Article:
Some people seem to not so much live their lives as to be passengers in them, carried along at the convenience of somebody else. One such person was Madam Jeen Snellflort. Orphaned at a tender age she was made the ward of her great-uncle. This gentleman was a man of immense dignity, absolute propriety, and limited imagination. He was of some considerable age when he acquired a ward, having managed to pass through a busy life without family encumbrance. So as soon as was decent he packed the child off to the Misenbart academy for young ladies. This august institution was considered to provide the perfect education for daughters of families with adequate means and few original ideas.
The academy stands in its own grounds to the north of Port Naain, surrounded by hedges of quite impressive impenetrability. Local yeomen organise day trips to go and visit the hedge and stand there marvelling at it. The hedge is bounded by the Misenbart Brook. The name might conjure up images of a pleasant stream. Instead I would like readers to think of it in terms of a moat. It was too deep to wade and too murky to swim with confidence.
At the age of seventeen, Madam Snellflort discovered that her great-uncle, impressed by her academic achievements, had managed to get her enrolled upon the staff of the academy. The salary was derisory, but she got a room, and a school teacher’s uniform. She was also now old enough to take part in the full range of social events organised by the academy.
Her uniform, of which she had two, each was cleaned on alternate weeks, was simple. There was a long dress which fastened with a high collar at the neck and reached down to the ankles. It was so buttressed with underpinnings and similar that the wearer might indeed pass as female but was never going to look feminine. Underwear provision was generous; the drawers were long enough in the leg to tuck into the ankle boots all teachers wore. There was also a selection of shifts to be worn under the dress, in winter all were worn simultaneously.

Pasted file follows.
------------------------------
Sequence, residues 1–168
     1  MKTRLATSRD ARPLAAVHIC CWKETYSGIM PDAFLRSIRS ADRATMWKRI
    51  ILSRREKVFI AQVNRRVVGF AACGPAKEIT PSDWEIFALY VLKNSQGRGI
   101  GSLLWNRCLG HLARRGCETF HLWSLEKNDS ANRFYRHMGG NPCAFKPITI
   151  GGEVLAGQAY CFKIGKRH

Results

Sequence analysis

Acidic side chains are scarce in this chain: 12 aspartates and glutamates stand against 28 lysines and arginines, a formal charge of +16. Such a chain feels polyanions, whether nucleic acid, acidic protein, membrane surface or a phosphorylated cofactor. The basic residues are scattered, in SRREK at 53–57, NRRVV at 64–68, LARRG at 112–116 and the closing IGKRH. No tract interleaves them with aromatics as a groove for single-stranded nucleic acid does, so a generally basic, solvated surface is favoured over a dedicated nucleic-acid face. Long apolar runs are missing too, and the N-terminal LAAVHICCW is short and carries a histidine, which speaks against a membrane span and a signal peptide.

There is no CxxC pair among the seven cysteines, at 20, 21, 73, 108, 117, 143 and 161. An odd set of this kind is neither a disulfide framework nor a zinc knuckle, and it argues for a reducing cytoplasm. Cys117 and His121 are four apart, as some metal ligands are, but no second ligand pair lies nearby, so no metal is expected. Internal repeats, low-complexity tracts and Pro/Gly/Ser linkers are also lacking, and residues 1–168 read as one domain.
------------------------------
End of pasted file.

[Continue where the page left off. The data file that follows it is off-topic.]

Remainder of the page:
The whole ensemble was topped off by a round ‘pillbox’ hat of sturdy construction. It was of the same design as those issued to the girls who were known to use theirs as mounting blocks on equestrian days.
The social life for mistresses and girls over sixteen consisted of four dances a year. These were held in conjunction with a nearby Sanatorium for young men recovering from debilitating conditions. At these events the Great Hall was cleared and furniture was limited to a line of chairs along each of the side walls. Young gentlemen sat on one line of chairs, and young ladies on the other. Should a young gentleman wish to ask a lady to dance, he would make his way up onto the stage. There in state sat the Principal of the Sanatorium and the Head Mistress of the Academy. The young gentleman would ask the Principal for permission to dance with a particular young lady. The Head Mistress would send a maid to the young lady in question and ask her if she wished to dance. If she agreed, she too went up onto the stage and the young couple were formally introduced. They could then descend from the stage and dance.
Madam Snellflort, (all teachers were known as Madam, whether they were married or not. Even the sole male employee on site, the elderly hedge-warden, was known as Madam.) did manage one act of rebellion. She secretly wrote poetry and having found my name from some set text sent her poetry to me. I replied, using Shena’s good offices. Shena merely instructed Mutt to have one of his female acquaintances deliver my letter.
As poets go she has merit, her verse can be a coruscating, vitriolic, critique of much that is wrong in modern education. I suspect that her verse helped her remain human throughout these years.
At the age of twenty-one she was summoned into the Head Mistress’s study to receive some sad news. Her great-uncle had died. Madam Snellflort asked for a brief compassionate leave to make preparations for the funeral, being the deceased’s only surviving family member. This was of course granted, although the Head Mistress did stress that she didn’t want members of her staff making a habit of this sort of thing.
Madam Snellflort made her way to her great-uncle’s house. Once there she discovered that she was now mistress of a considerable country estate along with a number of profitable city business interests.
It was obvious to her, as an intelligent and sensitive young lady, that she was now responsible for the livelihoods of a lot of people who worked for the estate or in her other businesses. Within ten minutes of reading the will, she had written her resignation from the Misenbart academy for young ladies.
It has to be said that since she left the academy, her poetry has lost some of the vitriol. Also she no longer follows the academy dress code to the letter, if at all.